This year Allegheny’s typical five-day orientation was shortened to three days so that parents wouldn’t have to move their kids in on a Thursday, said Ed Giles, assistant director of the Learning Commons.
Also contributing to the schedule change was the insertion of two Gator Days into the academic calendar.
Last year, faculty decided to implement two Gator Days, one per semester, to encourage all-college programming. This addition to the calendar pushed back the start of school to Tuesday, forcing those responsible for planning orientation to choose between either cutting two days from the week, or pushing the event back entirely.
Although peer leaders, presentations and breakout sessions still awaited the new students this year, a shorter orientation is new territory for the College.
“In the history of Allegheny, we’ve never done this before,” said Ed Giles, assistant director of the Learning Commons.
He said parents would have had to move their kids in on a Thursday this year if orientation had lasted its usual five days.
“It’s important to give families the time to move in on Saturday,” said Giles. “That way there is no need for parents to take off work,” said Giles.
The two-day reduction provides parents the luxury of a weekend move in, but sacrifices some
programming and activities that are traditionally available to new students.
However, some of those activities will be re-scheduled for a later date outside of orientation week.
Giles said a need for in-depth programming beyond the initial keynote presentation at orientation has been recognized.
Therefore, supplemental programming directed at first-years has been established to take place every Wednesday at 8 p.m. for the first eight weeks of the fall semester. This programming includes Sue Plunkett’s Sex Talk, a presentation by Washington, D.C.-based nonprofit Men Can Stop Rape as well as programs from the CIASS (Center for Intercultural Advancement and Student Success) office, Learning Commons, Counseling Center, and ACCEL (Allegheny College Center for Experiential Learning). This year’s keynote speaker Carrie Zimmerman was selected due to her program’s entry-level coverage, which makes the topics of acceptance and community more relatable for students who arrived on campus just the day before.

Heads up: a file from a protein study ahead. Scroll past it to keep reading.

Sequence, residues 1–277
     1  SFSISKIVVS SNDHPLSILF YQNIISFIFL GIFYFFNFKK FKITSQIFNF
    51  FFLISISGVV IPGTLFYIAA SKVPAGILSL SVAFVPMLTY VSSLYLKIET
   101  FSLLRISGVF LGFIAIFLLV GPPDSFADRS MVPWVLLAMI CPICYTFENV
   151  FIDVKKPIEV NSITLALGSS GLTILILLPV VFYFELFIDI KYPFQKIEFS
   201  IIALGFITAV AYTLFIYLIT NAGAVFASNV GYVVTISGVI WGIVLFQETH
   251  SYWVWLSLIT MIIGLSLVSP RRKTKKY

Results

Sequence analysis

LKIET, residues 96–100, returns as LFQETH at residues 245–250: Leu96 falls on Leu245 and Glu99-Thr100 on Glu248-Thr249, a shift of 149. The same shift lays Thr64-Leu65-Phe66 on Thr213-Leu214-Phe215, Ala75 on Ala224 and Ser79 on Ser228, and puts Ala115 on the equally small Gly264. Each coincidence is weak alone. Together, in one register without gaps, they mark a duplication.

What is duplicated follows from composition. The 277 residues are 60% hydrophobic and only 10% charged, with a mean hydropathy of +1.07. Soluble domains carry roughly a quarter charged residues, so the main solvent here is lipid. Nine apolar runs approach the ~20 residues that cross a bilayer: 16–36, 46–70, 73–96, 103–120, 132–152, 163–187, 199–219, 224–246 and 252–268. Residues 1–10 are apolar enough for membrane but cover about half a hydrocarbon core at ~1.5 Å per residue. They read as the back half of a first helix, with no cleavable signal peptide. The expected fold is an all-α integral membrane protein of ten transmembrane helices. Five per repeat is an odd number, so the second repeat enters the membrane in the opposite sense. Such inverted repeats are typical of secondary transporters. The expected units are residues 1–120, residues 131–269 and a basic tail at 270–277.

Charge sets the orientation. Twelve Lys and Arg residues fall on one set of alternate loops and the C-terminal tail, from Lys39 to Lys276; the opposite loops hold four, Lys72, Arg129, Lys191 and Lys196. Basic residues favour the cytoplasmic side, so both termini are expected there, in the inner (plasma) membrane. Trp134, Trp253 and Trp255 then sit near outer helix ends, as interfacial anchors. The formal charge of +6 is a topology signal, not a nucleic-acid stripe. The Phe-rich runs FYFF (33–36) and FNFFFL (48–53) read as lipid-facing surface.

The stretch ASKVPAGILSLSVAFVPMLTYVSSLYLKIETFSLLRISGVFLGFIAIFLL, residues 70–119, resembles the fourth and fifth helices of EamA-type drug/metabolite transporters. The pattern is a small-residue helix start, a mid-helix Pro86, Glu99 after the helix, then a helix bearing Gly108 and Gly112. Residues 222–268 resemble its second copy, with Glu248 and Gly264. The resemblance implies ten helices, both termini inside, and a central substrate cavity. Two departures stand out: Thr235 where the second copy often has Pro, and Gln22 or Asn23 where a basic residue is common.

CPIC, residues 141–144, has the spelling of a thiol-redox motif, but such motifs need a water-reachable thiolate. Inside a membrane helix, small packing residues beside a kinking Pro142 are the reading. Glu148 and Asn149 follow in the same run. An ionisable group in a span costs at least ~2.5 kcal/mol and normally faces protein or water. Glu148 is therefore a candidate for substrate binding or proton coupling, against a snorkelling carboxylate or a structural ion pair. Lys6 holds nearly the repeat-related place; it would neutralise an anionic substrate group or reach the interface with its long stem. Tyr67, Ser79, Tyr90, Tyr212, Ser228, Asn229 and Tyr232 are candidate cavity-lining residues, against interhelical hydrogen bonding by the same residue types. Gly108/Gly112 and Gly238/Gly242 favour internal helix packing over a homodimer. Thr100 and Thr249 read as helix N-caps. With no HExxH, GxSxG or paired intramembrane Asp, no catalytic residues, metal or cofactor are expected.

“The thing with orientation is that there is so much going on, it can be overwhelming for students and
families. The information is difficult to retain. With programming spread out, it is easier to retain,” said Giles. “The hope is to have students connect with resources throughout the first semester. This way, it doesn’t stop once classes start.”
Giles also said the school continues to implement a single-session orientation directly school starts due to Allegheny’s relatively small size.
“Smaller colleges typically don’t do 10 or 11 summer sessions because we don’t want to split everyone up,” he said. “With about 500 students in a class, it’s easier to have everyone on campus together.”
The downsized orientation did lead to what Giles acknowledged to be a ‘hectic’ experience, particularly for returning students, who had only one business day to prepare themselves for the start of the year.
“I felt like I was really rushed, and that I didn’t have enough time to get settled in, let alone prepare for my classes,” said returning student Courtney Morando, ’14, who lives in California.
Though the schedule changes caused inconveniences for many students, Tyler Gund, ’13, who worked on orientation over the summer, believes they were for the best.
“The Learning Commons did a good job and accommodated the truncated schedule well,” he said,
adding that the Learning Commons anticipates an adjustment period while the new format becomes
The new three-day orientation schedule will remain in place for the foreseeable future, unless more
changes are made to the academic calendar.